A: All the time. It’s funny, because writing is the observation of life, and I think it has to happen somewhere around your life. I think of myself, with songwriting, I’m constantly observing my life and just picking up on things that are going on. When I pick up my guitar or notebook, it all seems to come together at once. I’ve never been able to just sit down first thing in the morning with a piece of paper and just tell myself, “Okay, time to write a song,” and be able to do that.
My first record [2003’s “Rust Colored Stones”] took five years to write, and it came from just working, where I’d get home [from a job] and just scribble down the sketch of an idea that came to me while I was working on someone’s landscaping bed. Lines would come to me that would make me so excited for those final three hours of a workday, and that work would give me time to digest the next line.
Q: You began touring with a band at the age of 16. Many view the life of the young musician romantically, but having moved to the United States from South Africa at the age of six, I wondered if trouble acclimating to new schools and classmates made it an easier decision?
A: A little bit. I think, just culturally and with the teen years being a tumultuous time for everyone, I was just trying to figure out who I was as both a person and an artist. That was my time to experiment with different stuff, as I was drumming in a metal band, and then writing my own songs on the side of that.
For me, and I think a lot of immigrants deal with this, where the culture [in the United States] is so different. It’s very singular, and there isn’t a lot of community around stuff, it’s more that every family is doing its own thing. I was lucky, as I grew up in an apartment building that had a lot of immigrants always around, so we were always just playing within this music community that I lived with at such a young age.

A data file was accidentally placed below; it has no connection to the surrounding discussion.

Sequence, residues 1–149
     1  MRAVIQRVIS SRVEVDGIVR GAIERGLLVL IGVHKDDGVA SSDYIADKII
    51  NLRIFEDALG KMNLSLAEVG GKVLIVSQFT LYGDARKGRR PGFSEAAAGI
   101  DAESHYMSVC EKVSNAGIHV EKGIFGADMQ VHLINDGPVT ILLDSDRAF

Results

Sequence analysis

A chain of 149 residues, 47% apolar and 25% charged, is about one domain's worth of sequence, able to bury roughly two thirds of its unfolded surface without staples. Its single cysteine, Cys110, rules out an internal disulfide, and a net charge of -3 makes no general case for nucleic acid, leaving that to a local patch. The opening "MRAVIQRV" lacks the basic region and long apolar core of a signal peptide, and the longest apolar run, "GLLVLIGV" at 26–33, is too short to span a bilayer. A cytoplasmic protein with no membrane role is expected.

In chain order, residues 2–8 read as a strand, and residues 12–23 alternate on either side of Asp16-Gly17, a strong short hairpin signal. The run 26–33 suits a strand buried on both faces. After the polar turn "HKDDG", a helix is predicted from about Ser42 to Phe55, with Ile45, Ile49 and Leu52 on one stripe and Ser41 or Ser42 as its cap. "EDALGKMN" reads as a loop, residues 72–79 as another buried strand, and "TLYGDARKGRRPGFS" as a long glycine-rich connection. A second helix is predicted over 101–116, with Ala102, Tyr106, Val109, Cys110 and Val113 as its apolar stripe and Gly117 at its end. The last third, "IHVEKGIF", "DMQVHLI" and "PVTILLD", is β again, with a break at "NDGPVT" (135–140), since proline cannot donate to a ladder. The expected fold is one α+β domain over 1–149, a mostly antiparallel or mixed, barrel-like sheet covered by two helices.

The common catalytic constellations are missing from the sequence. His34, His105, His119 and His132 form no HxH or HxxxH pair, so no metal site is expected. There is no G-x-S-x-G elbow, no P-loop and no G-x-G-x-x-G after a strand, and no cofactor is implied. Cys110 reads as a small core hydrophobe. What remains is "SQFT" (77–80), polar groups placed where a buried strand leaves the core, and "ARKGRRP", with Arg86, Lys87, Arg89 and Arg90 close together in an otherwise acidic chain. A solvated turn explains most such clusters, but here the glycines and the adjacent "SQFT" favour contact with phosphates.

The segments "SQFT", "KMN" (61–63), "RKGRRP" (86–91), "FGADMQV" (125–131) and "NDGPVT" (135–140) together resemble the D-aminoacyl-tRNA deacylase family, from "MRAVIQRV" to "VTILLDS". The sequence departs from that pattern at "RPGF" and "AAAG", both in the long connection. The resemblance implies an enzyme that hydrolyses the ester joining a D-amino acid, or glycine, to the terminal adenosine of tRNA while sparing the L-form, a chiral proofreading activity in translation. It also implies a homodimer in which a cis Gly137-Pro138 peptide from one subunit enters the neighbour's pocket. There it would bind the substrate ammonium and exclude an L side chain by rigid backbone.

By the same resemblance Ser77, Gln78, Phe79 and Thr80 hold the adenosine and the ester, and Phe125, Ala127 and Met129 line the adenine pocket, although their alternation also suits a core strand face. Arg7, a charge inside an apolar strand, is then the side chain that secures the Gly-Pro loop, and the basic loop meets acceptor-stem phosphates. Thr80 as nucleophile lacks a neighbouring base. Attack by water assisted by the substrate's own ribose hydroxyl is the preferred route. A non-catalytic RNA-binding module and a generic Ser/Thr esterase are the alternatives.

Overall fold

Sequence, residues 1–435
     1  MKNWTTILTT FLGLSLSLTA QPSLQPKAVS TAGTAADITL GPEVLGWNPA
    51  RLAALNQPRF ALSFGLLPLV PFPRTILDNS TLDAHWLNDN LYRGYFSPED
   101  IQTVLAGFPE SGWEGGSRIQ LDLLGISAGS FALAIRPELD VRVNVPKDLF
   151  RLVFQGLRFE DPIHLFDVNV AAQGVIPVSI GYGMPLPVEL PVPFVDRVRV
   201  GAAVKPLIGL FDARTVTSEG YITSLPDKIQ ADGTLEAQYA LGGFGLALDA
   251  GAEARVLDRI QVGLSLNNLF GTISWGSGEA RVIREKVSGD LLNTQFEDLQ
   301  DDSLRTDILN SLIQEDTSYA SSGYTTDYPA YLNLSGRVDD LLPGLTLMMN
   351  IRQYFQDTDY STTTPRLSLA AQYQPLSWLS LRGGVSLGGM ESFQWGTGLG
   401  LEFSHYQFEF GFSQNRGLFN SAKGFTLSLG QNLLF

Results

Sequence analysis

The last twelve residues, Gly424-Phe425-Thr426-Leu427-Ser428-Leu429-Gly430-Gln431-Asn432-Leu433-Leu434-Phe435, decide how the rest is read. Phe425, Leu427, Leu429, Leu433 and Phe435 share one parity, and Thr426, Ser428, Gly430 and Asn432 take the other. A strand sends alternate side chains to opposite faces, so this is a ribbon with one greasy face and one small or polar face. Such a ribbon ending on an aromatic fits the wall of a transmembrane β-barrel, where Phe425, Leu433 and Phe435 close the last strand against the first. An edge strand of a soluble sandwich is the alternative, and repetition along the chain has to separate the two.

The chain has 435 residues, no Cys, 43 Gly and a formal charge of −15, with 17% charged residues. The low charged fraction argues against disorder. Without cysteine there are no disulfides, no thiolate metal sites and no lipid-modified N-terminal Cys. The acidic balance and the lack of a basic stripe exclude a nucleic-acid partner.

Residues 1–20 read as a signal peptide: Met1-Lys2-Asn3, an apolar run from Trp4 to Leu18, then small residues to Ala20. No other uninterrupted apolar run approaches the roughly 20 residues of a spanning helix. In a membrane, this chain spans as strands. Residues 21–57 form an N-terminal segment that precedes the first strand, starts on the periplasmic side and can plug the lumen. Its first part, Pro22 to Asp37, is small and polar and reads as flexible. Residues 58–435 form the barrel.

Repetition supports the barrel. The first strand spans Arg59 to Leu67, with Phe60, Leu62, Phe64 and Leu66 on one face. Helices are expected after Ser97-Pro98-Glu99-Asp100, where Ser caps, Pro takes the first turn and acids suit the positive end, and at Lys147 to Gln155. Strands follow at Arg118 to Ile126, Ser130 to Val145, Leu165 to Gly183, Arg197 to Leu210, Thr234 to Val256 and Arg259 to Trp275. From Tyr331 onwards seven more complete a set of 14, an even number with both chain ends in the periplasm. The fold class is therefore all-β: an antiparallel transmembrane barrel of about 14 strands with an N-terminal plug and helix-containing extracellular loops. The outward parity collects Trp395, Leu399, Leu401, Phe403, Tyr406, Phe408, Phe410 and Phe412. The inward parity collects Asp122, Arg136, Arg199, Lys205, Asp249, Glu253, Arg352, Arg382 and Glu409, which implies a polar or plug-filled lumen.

Q: Did you have a feeling that “Evening Machines” would be the album to finally break through to a mass audience?
A: I was petrified to put the album out, because it felt so weird and personal. I’d never really done much with a record label before, and with this one we co-released the album with Dualtone, while the recording process remained all me. When I came back to the recordings [before the album release], I felt that the songs were really me and genuine, and that’s all I can really go by as an artist.
Now, when you’re about to release a record and begin to get copies sent to you in the mail, all you can think is, “So many resources went into this, and so much time, that I really hope the end result was worth everyone’s effort.”
Q: It’s been stated in your bio that working with a label was more an experience you just wanted to try and not really a necessity to get the album released. At the end of the day, was there that much of a noticeable difference between working with someone and just doing it yourself?
A: It’s not a huge difference. For me it had more to do with my farming season becoming so busy that I couldn’t help but think that I could really use [some help], because putting out a record really is a lot of work. I have friends in bands who aren’t on labels, and sometimes one will say that they are considering the positives and negatives of working with one, and I want to be the friend that can tell them that it is possible to do with no problems. If I can do it, anyone can do it, and I’ve found that it’s pretty great to have a large team of people behind the success your project. I don’t regret it at all, and it’s been a really amazing experience.
Who: Gregory Alan Isakov with Shook Twins
When: 8 p.m., Jan. 11
Where: Carolina Theatre, 309 West Morgan St., Durham
Cost: Sold out
Info: CarolinaTheatre.org or 919-560-3030